First let’s get the headline out of the way which prompted the latest stage of the diplomatic crisis between Germany and Turkey. The Turks have arrested another half dozen human rights activists from foreign countries this week, charging them with “having connections” to terror groups. (This is the same excuse they use for virtually anyone that President Recep Tayyip Erdogan views as a political dissident.) In one sweeping move, Erdogan has managed to enrage multiple additional countries. (Deutsche Welle)

Six people, including German human rights consultant Peter Steudtner and Amnesty International’s director for Turkey, Idil Eser, are to remain in custody awaiting trial for allegedly aiding a terror group. Pre-trial detention in Turkey can last for up to five years.

“Six were remanded in custody and four released on judicial control” by a Turkish court on Tuesday, Amnesty International’s Turkey researcher Andrew Gardner said. Steudtner was reported to be receiving German consular support while in custody.

German Chancellor Angela Merkel condemned Steudtner’s detention, saying it was “absolutely unjustified.”

Sadly, this bit of news is almost too common to bother mentioning these days because Erdogan has been imprisoning people by the tens of thousands for months now. Of course, when Germany pushed back after these latest arrests it set of a war of words between Ankara and Berlin. Turkey’s Foreign Ministry responded to demands for the release of Steudtner by saying they were “unacceptable” and that “the independent Turkish judiciary must be trusted.” (Demanding that Erdogan’s regime be “trusted” for pretty much anything these days is laughable, but I suppose we have to keep of the pretense of diplomacy.)

But what’s really interesting and may provide a template for other countries when dealing with the Tyrant of Turkey is Germany’s next response. Their Foreign Minister has announced instructions to German citizens officially warning them about travel to that country.

Germany on Thursday told all citizens traveling to Turkey to exercise caution following the jailing of a human rights activist who had no previous links to the country, which Germany’s foreign minister said shows that “every German citizen in Turkey” could suffer the same fate.

Foreign Minister Sigmar Gabriel said he also can’t see how the German government can continue to guarantee German companies’ investments in Turkey in light of the threat of “arbitrary expropriations for political reasons.”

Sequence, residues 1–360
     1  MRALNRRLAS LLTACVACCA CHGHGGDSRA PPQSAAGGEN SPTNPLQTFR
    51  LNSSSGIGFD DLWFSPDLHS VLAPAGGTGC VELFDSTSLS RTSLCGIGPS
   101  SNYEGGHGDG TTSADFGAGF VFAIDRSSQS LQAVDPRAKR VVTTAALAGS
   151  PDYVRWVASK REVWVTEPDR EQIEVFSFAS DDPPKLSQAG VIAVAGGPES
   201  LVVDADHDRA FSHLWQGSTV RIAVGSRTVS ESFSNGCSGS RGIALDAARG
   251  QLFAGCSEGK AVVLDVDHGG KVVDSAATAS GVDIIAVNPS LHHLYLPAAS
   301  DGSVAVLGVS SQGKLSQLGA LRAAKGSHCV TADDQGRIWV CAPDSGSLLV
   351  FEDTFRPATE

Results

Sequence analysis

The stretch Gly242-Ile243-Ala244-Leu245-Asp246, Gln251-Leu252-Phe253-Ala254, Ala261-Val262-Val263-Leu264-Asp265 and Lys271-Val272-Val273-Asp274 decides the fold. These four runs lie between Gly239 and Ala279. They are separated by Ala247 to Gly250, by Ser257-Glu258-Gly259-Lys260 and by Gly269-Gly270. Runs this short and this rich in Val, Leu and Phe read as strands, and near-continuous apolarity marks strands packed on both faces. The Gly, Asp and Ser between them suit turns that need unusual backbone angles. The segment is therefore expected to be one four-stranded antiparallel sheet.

He added that Berlin will talk with its European Union partners about the future of pre-accession financial aid for Ankara, which is in slow-moving talks to join the bloc.

The German government will consider those questions and “further measures” over the coming weeks, Gabriel said.

This is actually kind of brilliant. Many countries, including the United States, have been struggling with the question of what to do about Turkey. Given their critical geopolitical position in the war on terror and the refugee crisis in Europe, nobody seems to want to swat them down too harshly. Any huge sanctions package such as the ones which have been employed against Russia and Venezuela would no doubt prompt a significant backlash from Erdogan in response. But what if there’s something short of that?

We might actually be able to nudge Erdogan toward at least a bit better behavior if enough countries followed this blueprint. Rather than quarantining the country entirely, issuing a “travel advisory” along with statements that we can’t guarantee the safety and security of anyone going to Turkey would no doubt dampen the flow of travelers. The tourism industry in Turkey took a huge hit after the coup, but as Bloomberg reported earlier this year they’ve finally made a comeback. It’s a significant part of their economy. If most of the west began issuing travel advisories the way the Germans are we could put the squeeze on Erdogan’s economy without having to resort to official sanctions.

The second half of the German formula also looks like a winner. They won’t forbid any businesses from operating in or dealing with Turkey, but they’re going to refuse to guarantee German companies’ investments there. If foreign businesses are being told that their governments won’t back their investments, that revenue stream likely begins to dry up also.

If a few clever leaders (memo to POTUS) got together quietly and and had their State Departments issue similar advisories, Erdogan would begin to feel seriously isolated without having any overt governmental action taken against him. Hit him in the wallet and we might elicit a better response than the normal diplomatic carrot and stick approach has been producing thus far. It’s at least worth trying.